337. [N00512] Caligula's Palace and Bridge Exh. 1831
THE TATE GALLERY, LONDON (512)
Canvas, 54 × 97 (137 × 246·5)
Coll. Turner Bequest 1856 (53, ‘Caligula's Bridge’ 8'2" × 4'7 1/4"); transferred to the Tate Gallery 1910.
Exh. R.A. 1831 (162); R.A. 1974–5 (485, repr.).
Engr. By E. Goodall 1842.
Lit. Ruskin 1843 and 1860 (1903–12, iii, p. 241, vii, p. 431); Thornbury 1862, i, p. 319; 1877, pp. 316, 447; Hamerton 1879, p. 257; Monkhouse 1879, pp. 97–8; Bell 1901, p. 115 no. 171; Armstrong 1902, p. 219; Rawlinson ii 1913, pp. 336–7; MacColl 1920, p. 16; Whitley 1930, p. 212; Davies 1946, p. 186; Finberg 1961, pp. 326–7, 340, 386–7, 491 no. 357; Lindsay 19662, p. 49; Gage 1969, p. 103; Reynolds 1969, p. 186; Gage 1974, p. 82, pl. 19; Wilton 1979, p. 221.
Exhibited in 1831 with the following lines attributed to Turner's Fallacies of Hope (here quoted from Turner's own list of his 1831 exhibits, now in the Tate Gallery archive):
‘What now remains of all the mighty Bridge
Which made the Lucrine Lake an inner pool,
Caligula, but massy fragments left,
As monuments of doubt and ruind hopes
Yet gleaming in the Morning's ray, doth tell
How Baia's shore was loved in times gone by?’
MS. Fallacies of Hope.
In the printed catalogue ‘doth’, in the fifth line, was replaced by ‘that’, and there were changes in capitalisation, etc. Turner's original title, number 2 on the list of his 1831 R.A. exhibits in the Tate Gallery archives, was also slightly altered: originally it read ‘Caligula: Palace and Bridge’.
In this picture Turner returns to the theme of Bay of Baiae (No. 230 [N00505]), the decay of past glories. Caligula's bridge crossed the three and a half Roman miles from Baiae to Puteoli and was described by Oliver Goldsmith as ‘the most notorious instance of his fruitless profusions’. It was built to confute a prophecy that Caligula would no more become Emperor than he could drive his chariot across the Bay of Baiae. Although the bridge was in fact a bridge of boats Turner followed popular accounts in showing it as a solid structure (see Gage 1974, p. 47).
Unlike Vision of Medea, exhibited the same year (No. 293 [N00513]), this picture seems to have aroused universal praise. ‘In this picture “the fit hath gone off”’ said the Athenaeum for 14 May 1831; ‘Here we have the poetry of nature lavished upon us with a courteous hand’. La Belle Assemblée described it, in its June number, as ‘one of the most magnificent and extraordinary productions of the day ... it is poetry itself. The air-tint—the distances—are magical: for brilliancy and depth, and richness, and power, it can hardly be surpassed.’ For The Times of 6 May it was ‘one of the most beautiful and magnificent landscapes that ever mind conceived or pencil drew.’ The Library of the Fine Arts for June 1831, anticipating Ruskin's criticisms of these packed Italian landscapes as ‘nonsense pictures’, described it more positively as ‘a composition, any one portion of which is in itself a picture, and would make the fortune of another artist.’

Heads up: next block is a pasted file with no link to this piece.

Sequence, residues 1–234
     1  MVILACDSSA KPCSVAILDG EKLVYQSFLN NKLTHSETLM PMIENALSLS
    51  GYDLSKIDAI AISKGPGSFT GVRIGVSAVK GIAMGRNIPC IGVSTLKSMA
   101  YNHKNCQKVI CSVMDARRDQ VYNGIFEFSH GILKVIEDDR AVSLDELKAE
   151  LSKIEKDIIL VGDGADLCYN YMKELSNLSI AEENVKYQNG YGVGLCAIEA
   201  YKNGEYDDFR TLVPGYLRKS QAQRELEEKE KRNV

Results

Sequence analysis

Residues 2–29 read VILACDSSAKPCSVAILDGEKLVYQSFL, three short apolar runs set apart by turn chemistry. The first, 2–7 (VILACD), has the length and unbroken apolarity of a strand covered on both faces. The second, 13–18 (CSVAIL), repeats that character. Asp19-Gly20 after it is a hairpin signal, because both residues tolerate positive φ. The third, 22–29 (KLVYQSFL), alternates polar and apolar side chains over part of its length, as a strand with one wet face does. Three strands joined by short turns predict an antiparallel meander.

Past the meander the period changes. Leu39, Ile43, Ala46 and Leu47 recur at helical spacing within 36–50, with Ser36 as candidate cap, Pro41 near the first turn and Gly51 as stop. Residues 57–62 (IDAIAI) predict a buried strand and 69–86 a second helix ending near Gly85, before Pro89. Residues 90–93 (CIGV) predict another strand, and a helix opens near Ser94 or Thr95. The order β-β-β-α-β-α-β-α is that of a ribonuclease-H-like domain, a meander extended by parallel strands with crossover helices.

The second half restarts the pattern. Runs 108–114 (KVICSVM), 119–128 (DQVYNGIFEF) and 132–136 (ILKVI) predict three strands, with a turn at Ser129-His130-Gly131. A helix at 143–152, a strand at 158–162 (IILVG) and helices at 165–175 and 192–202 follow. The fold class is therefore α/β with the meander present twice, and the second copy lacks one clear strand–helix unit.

Turner's picture hung next to Constable's Salisbury Cathedral from the Meadows (Coll: the Dowager Lady Ashton). ‘Fire and Water’, the Literary Gazette for 14 May exclaimed. ‘Exaggerated, however, as both these works are,—the one all heat, the other all humidity,— who will deny that they both exhibit, each in its way, some of the highest qualities of art? None but the envious or ignorant.’ Apparently Constable, who was on the Hanging Committee that year, had moved Turner's picture and replaced it with his own, for which Turner teased him unmercifully at dinner with General Phipps in Mount Street, to the great amusement of the party, mainly artists (the story is David Roberts's, given in Thornbury 1862, ii, p. 56, and dated to this year by Finberg 1961, p. 327).
The picture was engraved in 1842 by E. Goodall, whose son told W.G. Rawlinson (ii 1913, pp. 336–7) that Turner, deciding that the composition required more figures, added them on the picture itself, first with white chalk, and then, when Goodall was unable to follow these slight sketches, in watercolour. According to Thornbury, who, however, asserts that the figures were introduced, with Turner's assent, by Goodall, they were the children playing with goats in the foreground (1862, i, p. 319). Recent restoration, however, has failed to determine that any of the figures as they now are were painted in watercolour; perhaps Turner went over them later in oils.
The picture was transferred from its original canvas onto a new one, probably in 1907, at which time there were extensive losses, particularly top left and top right and along a crack stretching most of the way across the picture from the left just above half-way up.
Martin Butlin and Evelyn Joll, The Paintings of J.M.W. Turner, revised ed., New Haven and London 1984